By Tom Robb
Harms Woods, a 169-acre section of Cook County Forest Preserve along the West Fork of the North Branch of the Chicago River in Glenview, has been designated the 25th Illinois Nature Preserve in the state.
Cook County commissioners, who also serve as forest preserve commissioners, voted to designate Harms Woods an Illinois Nature Preserve at their Oct. 22 meeting.
The designation shows a higher, more diverse ecological value for Harms Woods’ flora and fauna, and affords the area more special protections against any kinds of development to disturb the area, requiring not only county approval, but state approval — even to build a road.
“I took my kids to Harms Woods,” said Cook County Commissioner Scott Britton (D-14th), who lives in Glenview and is a former village trustee. “With 350 species of plants, it creates one of the best, multi-layered areas in the forest preserve (system). I cannot think of a better way to protect against climate change that expanding green space and protecting great places for people to go.”
Britton, who grew up on a downstate farm, said it takes a lot to restore the land to a natural state once it has been farmed or developed. “Harms Woods just has that (natural state).”
The Cook County Forest Preserve system is 70,000 acres in size, but only 7,248 acres carry the highest state protected designation of Illinois Nature Preserve.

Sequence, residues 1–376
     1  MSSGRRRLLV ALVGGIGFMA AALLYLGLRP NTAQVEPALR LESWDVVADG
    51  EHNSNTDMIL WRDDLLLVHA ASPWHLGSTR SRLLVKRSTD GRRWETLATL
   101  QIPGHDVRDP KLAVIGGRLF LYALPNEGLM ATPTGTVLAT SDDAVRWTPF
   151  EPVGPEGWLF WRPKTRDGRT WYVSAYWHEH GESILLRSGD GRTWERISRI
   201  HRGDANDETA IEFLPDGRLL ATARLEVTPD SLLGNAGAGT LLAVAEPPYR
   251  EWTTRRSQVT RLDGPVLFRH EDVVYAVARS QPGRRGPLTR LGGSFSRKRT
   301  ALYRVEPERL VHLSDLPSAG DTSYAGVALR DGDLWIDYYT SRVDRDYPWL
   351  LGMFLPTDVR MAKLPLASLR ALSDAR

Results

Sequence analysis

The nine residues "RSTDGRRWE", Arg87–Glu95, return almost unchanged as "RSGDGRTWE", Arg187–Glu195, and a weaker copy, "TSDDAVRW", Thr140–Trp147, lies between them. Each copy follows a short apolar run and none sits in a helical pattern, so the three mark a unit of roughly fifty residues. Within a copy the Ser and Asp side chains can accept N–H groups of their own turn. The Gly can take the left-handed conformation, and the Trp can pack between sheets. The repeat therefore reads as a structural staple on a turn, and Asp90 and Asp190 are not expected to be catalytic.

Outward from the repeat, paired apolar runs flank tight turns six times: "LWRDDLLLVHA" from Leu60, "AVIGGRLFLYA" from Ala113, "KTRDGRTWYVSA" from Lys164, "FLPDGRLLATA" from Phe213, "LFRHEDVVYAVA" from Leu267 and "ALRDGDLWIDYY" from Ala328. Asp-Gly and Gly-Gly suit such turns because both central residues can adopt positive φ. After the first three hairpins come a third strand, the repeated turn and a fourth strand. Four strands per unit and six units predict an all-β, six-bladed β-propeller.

Cook County Forest Preserve spokesman Carl Vogel said the forest preserve contains 10,000 acres of protected land, some of which has a lower designation that the state nature preserve.
Steve Adams and Katie Moriarity of the Cook County Forest Preserves get walkers ready for a nature walk at Harms Woods on Saturday morning, Oct. 26.
“The Forest Preserves’ Next Century Conservation Plan seeks to designate and register 20,000 acres with the Illinois Nature Preserve Commission (designation).” Vogel said.
Jane and John Balaban of Skokie, stewards of Harms Woods, have been part of the North Branch Restoration Project since 1980 and have been working as volunteers and stewards in Harms Woods since 1987.
Jane Balaban said the diverse plant life supports a great diversity of insects, birds and other animals. She said a century ago, there were homesteads in what is now Harms Woods, but said because of the river, which affected the soils, the land was never plowed and farmed. Because of that, invasive harmful species of plants such as buckthorn, never grew, allowing the area to develop in a healthier way while supporting more diversity.
“It’s a privilege,” Jane Balaban said. “The fact we have these natural areas is so important.” She continued: “One hundred years ago we had natural areas with islands of people. Now we have areas of people with islands of nature, so we have to take care of it.”
“Protecting and restoring our natural lands is vital to ensuring these spaces are available for the public to enjoy for many generations to come,” Cook County Forest Preserves Board President (and county board president) Toni Preckwinkle said. “Without the Illinois Nature Preserves System and the Forest Preserves of Cook County, many of Illinois’ plants, animals and ecosystems would be lost forever.”